While going through our regular (and never-ending) supply of malicious Android samples, we came across an interesting variant a couple of days back. Like most Android Trojans these days, the piece of malware benefits by sending out SMS messages from the victim's phone, monitoring incoming SMS messages and selectively blocking certain messages.
This particular variant, however, has earned itself a notorious reputation after having infected 500,000 Android users in China.
The Trojan comes in the form of wallpaper application package files (APKs), detected as Android/SMSZombie.A!tr, that contain the malicious package within them, as part of the package assets.
The inner malicious package is misleadingly named a33.jpg, as an image file, but is, in fact, an APK. We detect it as Android/SMSZombie.B!tr.
The package contains some interesting and unique features
It is named 'android.phone.com' which can be confused with com.android.phone which is the legitimate Android phone package and can easily go unnoticed by the untrained eye.
It deletes logs on the phone using 'logcat -c', making analysis of the Trojan a little harder.
Most interestingly, the variant contains a Device Administration Receiver (a receiver that provides device administration features at the system level) that, if activated by the victim, makes uninstallation of the piece of malware particularly tricky. Upon opening the wallpaper application for the first time, the victim is shown a prompt screen as seen in Fig 1 asking to activate a device administrator.
* Clicking on **'Cancel'** merely reloads the page and hence the user is forced to either Activate the receiver or exit the application. * If the user clicks on **'Activate'**, all attempts to uninstall the application or deactivate the Device Administration Receiver fail and redirect the user to the phone's main menu.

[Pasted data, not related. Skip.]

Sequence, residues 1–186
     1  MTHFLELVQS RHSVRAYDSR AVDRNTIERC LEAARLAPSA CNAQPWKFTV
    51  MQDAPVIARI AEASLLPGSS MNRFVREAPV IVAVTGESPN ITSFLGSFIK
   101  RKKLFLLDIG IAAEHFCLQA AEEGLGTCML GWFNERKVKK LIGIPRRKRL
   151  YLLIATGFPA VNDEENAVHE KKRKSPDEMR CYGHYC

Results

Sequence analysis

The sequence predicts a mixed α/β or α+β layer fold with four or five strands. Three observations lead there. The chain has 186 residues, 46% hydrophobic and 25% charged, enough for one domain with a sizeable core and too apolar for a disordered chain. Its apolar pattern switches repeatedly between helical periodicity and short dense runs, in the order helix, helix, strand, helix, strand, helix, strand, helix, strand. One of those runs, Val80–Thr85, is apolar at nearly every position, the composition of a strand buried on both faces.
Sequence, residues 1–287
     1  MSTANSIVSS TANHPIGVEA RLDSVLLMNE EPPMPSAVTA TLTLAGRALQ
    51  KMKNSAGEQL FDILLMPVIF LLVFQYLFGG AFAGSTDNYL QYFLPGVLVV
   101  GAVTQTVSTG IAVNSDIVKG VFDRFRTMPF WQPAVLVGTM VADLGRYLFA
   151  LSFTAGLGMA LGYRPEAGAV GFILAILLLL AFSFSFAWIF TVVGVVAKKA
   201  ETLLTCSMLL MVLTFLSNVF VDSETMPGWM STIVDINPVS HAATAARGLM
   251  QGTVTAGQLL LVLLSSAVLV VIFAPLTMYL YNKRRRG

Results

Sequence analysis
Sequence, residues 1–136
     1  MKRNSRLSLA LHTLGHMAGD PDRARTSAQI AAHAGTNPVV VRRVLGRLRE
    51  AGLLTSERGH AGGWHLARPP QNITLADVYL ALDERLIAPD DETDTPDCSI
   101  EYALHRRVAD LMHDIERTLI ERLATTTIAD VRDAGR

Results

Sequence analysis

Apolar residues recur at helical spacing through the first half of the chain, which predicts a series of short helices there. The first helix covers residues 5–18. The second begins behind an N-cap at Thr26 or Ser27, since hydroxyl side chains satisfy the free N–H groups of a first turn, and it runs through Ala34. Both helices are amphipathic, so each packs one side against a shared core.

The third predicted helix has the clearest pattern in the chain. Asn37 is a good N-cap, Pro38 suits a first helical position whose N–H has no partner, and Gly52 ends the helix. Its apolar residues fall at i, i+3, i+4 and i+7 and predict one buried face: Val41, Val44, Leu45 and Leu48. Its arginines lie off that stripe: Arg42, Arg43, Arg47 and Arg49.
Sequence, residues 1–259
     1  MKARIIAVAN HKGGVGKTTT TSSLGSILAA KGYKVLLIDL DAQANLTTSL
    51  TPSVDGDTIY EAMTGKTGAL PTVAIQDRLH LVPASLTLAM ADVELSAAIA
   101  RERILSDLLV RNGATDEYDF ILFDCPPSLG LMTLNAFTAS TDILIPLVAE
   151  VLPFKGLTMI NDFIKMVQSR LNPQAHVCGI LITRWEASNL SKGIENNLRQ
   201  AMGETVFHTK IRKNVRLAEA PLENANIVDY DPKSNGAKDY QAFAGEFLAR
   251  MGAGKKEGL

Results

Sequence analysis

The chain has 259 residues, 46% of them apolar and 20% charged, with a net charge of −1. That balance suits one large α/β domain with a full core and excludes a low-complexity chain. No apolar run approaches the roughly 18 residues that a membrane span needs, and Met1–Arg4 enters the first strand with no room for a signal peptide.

This functionality is implemented by the service mService as seen in Fig 2 by looking for certain keywords in the commands handled by the device. Fig 2 : Anti-uninstall functionality implemented in mService
As seen in the screenshot, the piece of malware monitors logs and each time a user tries to
* view/edit the installed application settings * delete the package * view/edit Device Administrator settings OR * run a Chinese Anti-Virus software called Qihoo 360
he/she is redirected to the phone's main menu.
In order to uninstall the application, the victim must first deactivate the Device Administration Receiver, a procedure described in detail in this post by TrustGo. With experience from all the tests I ran on the malware, I can easily say that finding that Deactivation screen is neither obvious nor straightforward.
So finally, be careful what you click on. (Yes, that applies to mobile phones too now!)
Thanks to CryptoGirl and her crimefighting superhero experience for helping with the research on this one.
Update Sept 24, 2012: On recent versions of Android, Android/SMSZombie can be uninstalled by exitting the application (by pressing the 'Home' button) after deactivating the Device Admin Receiver. The code that prevents uninstallation seems to fail on some platforms.